Readers weigh in on local issues.
Airport runway extension is not needed
The case for the airport runway extension made by airport business CEO David Slick in the Sept. 2 edition of the Observer merits closer examination. None of the Ormond Beach Municipal Airport services he references require a longer runway. None of the referenced businesses utilize local aircraft to receive materials or ship products. That leaves only his safety argument. While longer runways are safer in theory, the existing runway length (FAA approved) has provided optimum safety over the decades for recreational and flight training aircraft.
Mr. Slick does not reveal the runway extension will allow larger, heavier, noisier aircraft including jets. The proposed extension is part of a master plan to transition to an executive airport with no public mandate to do so. Larger aircraft currently utilize longer runways at the Daytona Beach and Flagler County airports. We are not told the airport as an “economic development asset” is currently a half million dollars in debt to the city’s general fund and has been for years, with new red ink resulting from the recent closure of River Bend Golf Course ($96,000 lost annual rent). Annual airport operating costs: over $275,000. Leisure Services pays $60,000 annual rent for the recreation fields on north airport property.
Thirty-four Ormond Beach subdivisions are located within Volusia County’s 5-mile Ormond Airport Overlay District. Exponential losses to those homeowner property values would result from a larger, busier, noisier airport. Air quality would suffer with increased leaded and jet fuel emissions. Three elementary schools and a middle school are within the overlay district. The 127,000 annual airport operations currently reported by the city calculate to a takeoff or a landing every two minutes, twelve hours a day, every day of the year.
When the last runway extension proposal (of Runway 17-35) came up for a vote in 2004, a huge community turnout sent an overwhelmingly clear message to the city commission: “We do not want a larger, busier, noisier airport.” Mayor Partington and Commissioner Kent joined a 5-0 vote in 2005 to reject the extension.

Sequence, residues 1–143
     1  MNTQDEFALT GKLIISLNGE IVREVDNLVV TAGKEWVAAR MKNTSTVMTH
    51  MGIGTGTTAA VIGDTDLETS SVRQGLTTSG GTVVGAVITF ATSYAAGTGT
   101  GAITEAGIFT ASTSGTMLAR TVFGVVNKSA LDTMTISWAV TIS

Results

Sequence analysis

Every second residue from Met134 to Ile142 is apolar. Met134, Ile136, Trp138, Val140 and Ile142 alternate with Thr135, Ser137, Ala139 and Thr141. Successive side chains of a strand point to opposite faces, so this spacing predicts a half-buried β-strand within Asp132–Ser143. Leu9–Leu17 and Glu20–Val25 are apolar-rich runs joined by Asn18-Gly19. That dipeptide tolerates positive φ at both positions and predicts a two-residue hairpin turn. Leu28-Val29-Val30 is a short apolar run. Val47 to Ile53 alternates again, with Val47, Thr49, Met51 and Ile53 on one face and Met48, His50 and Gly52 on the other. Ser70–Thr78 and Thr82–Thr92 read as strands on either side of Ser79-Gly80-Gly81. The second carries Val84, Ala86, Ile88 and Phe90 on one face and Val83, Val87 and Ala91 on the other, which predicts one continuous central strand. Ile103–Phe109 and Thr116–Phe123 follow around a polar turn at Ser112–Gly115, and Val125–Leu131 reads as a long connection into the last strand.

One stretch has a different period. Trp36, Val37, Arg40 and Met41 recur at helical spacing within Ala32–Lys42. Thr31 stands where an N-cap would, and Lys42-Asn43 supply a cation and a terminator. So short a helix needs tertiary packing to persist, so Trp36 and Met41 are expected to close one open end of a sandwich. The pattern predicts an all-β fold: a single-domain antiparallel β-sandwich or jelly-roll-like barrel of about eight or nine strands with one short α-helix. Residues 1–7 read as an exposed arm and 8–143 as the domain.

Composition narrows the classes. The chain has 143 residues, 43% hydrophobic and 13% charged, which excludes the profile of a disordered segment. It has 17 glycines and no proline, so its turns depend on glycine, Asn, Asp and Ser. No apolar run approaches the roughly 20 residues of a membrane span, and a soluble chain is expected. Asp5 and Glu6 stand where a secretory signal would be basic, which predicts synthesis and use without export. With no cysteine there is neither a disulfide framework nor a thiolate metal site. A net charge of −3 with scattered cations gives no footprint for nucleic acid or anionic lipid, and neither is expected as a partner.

Seventeen years later, that clear citizen mandate against runway extensions has not changed.
Editor's note: The city states the general fund dollars lent to the airport fund are repaid as funds become available, so the balance changes annually. These loaned dollars cover operating shortfalls and provide match dollars for grants.
Where has Ormond Beach history gone?
Ormond Beach is fast becoming a city without a past. A fire took the Ormond Garage in 1976 and its history of racing on our beach. In its place stands a bank building. The Hotel Ormond, built in 1887 by our pioneers John Anderson and Joseph Price, fell into disrepair and was demolished in 1992. In its place stands a condominium building. The Union Church, originally founded in 1883 by settlers of the New Britain colony, was demolished in 1959. The second Union Church, constructed on the same site in 1960 was recently demolished. In its place... An empty lot! The Scenic Loop drive, a beloved testament to our forested past, is fast disappearing to development.
What will set Ormond Beach apart from any other beach community? Certainly not its T-shirt shops, or its resort crowds.
We have neglected the very things that are our special legacy, that tell our special story. Those things, once gone are gone forever. Who will know their legacy? Who will tell their story? Who will understand our loss?
'It's about priorities'
I'd like to note that while I'm against government waste, I also know that there are important, needed county services and programs which cost money.